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Make In India

Make in India reinforces Brand India. A look at how key Indian sectors present huge opportunities for investment and growth

Sindhu MV
27th Feb 2016
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The Government of India’s ambitious initiative, which aims to transform the country from being Asia’s third-largest economy into a global manufacturing powerhouse, Make in India, completed one year in September 2015. The initiative has set an ambitious goal of creating 100 million additional jobs in the manufacturing sector by 2022, and increasing the share of manufacturing in the country’s Gross Domestic Product (GDP) to 25 per cent from 16 per cent.

The good news is that India has already secured the top spot, and become the number 1 destination in the world for foreign investment. Thanks to Make in India, which has played a significant role in making this happen. Since the launch of the initiative, overall Foreign Direct Investment (FDI) has increased by 39 per cent.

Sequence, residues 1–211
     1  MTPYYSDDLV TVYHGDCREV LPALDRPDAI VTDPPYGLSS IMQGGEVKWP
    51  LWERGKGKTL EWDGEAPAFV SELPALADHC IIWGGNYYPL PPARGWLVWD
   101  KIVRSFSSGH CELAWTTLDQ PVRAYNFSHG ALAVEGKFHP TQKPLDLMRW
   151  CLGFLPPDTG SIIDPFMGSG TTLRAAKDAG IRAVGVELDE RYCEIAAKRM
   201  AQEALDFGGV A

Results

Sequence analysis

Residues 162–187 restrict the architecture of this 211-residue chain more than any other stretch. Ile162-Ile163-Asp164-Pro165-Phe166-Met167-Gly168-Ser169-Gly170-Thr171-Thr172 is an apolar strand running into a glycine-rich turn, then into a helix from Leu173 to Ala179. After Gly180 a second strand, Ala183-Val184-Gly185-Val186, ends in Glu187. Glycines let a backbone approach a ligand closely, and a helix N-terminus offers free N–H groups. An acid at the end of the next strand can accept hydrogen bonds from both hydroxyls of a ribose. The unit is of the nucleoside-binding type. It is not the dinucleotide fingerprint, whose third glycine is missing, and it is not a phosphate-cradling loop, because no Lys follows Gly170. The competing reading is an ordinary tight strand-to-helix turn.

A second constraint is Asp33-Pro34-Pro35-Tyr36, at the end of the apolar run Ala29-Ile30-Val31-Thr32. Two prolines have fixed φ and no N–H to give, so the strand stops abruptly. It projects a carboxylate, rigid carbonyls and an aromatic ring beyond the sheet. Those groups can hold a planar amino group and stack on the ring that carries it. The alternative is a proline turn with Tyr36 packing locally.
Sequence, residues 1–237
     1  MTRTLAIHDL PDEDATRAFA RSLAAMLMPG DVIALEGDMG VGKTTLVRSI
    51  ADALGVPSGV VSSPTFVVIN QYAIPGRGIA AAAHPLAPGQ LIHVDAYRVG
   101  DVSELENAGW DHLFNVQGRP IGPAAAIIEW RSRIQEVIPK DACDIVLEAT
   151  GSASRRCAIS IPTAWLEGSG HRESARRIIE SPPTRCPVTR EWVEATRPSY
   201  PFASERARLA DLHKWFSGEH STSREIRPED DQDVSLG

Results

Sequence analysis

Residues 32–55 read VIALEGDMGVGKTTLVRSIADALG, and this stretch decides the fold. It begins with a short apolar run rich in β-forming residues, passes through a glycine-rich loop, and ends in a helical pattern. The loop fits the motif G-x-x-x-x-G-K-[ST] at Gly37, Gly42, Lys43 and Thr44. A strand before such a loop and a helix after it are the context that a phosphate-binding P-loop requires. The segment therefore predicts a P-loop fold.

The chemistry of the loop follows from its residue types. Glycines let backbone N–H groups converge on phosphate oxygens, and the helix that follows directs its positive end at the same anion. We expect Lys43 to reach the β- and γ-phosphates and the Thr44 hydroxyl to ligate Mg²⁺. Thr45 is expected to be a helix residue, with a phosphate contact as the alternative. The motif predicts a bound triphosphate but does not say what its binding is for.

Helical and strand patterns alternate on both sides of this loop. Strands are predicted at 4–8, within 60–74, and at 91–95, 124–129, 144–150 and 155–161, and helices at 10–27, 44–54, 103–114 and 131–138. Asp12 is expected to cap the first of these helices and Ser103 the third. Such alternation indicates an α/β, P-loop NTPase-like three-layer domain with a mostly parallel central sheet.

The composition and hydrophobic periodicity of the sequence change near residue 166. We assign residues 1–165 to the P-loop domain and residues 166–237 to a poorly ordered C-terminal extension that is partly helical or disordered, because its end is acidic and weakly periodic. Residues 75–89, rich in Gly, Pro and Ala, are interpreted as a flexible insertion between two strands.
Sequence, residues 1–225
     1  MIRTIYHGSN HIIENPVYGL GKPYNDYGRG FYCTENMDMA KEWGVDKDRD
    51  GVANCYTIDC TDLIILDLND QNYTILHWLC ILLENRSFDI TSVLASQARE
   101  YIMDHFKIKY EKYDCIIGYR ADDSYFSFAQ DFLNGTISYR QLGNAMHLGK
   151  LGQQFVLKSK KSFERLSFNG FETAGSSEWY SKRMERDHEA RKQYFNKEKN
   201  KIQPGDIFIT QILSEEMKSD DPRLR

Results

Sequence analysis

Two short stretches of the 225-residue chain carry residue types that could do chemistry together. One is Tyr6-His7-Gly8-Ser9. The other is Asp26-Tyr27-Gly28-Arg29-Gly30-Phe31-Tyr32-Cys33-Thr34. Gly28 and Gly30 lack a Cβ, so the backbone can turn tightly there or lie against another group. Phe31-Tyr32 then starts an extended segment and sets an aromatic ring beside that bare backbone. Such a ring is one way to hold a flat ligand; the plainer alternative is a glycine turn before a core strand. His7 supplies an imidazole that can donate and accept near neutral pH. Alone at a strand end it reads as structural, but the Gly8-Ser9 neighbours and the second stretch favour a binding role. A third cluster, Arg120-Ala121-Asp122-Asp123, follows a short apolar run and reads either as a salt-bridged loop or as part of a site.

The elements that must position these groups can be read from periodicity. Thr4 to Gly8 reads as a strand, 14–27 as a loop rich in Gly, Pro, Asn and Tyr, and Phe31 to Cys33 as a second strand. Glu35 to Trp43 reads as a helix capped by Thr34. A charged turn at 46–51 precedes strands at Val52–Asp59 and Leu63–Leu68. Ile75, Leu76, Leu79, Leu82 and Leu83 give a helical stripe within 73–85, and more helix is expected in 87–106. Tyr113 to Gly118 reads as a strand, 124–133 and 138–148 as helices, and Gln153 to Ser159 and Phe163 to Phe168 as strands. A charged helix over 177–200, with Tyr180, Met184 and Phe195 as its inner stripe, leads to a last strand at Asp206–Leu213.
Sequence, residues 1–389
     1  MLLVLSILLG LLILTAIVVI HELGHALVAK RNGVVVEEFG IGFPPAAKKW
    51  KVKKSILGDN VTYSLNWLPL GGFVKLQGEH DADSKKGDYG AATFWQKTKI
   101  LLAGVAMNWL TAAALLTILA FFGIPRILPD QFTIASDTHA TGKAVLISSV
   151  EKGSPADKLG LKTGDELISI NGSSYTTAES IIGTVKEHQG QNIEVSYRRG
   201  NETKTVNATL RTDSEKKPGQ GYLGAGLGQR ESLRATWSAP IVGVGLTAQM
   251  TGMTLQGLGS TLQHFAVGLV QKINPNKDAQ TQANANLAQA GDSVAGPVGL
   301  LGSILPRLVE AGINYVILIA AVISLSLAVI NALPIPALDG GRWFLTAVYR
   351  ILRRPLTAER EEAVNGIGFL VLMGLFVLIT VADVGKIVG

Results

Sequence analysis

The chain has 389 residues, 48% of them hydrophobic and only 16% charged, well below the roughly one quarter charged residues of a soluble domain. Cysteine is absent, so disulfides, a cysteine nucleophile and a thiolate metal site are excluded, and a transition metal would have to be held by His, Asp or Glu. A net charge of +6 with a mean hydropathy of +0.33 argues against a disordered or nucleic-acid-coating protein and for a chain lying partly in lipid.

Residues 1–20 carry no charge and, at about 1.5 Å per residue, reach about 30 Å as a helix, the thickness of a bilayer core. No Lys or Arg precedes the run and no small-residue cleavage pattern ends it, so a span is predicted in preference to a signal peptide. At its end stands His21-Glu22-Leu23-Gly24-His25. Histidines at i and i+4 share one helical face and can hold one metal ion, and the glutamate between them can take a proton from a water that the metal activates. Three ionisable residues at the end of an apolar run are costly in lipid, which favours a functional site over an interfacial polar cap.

From defence to railways, chemicals to textiles, the integrated achievements and strengths of these sectors have catapulted the country into the premier economic league. Let’s take a look at some of the top manufacturing sectors and how they can fuel India’s growth momentum.

Defence

India’s current defence requirements are largely catered by imports. But considering we have the world’s third-largest armed forces, coupled with the fact that the government has increased FDI in the sector to 49 per cent, there is a huge growth opportunity in the Indian defence manufacturing sector. Opening this sector to FDI presents opportunities to enter into strategic partnerships with Indian companies to not just leverage the domestic market but also aim at global business. It is estimated that in the next seven to eight years, the sector presents Rs 250 billion worth of investments.

Automobiles

The seventh-largest automobile producer in the world, India’s automobile industry accounts for almost 7 per cent of India’s GDP and employs about 19 million people, both directly and indirectly. It is this sector that will be one of the main drivers of growth in India, evident from the growth in FDI in this industry – a 164 per cent growth in the seven-month period from September 2014.

According to PricewaterhouseCoopers, 10 leading car makers have invested around Rs 31,570 crore; two-wheeler companies nearly Rs 8,555 crore; and tyre companies around Rs 7,350 crore in the one year since the launch of the initiative.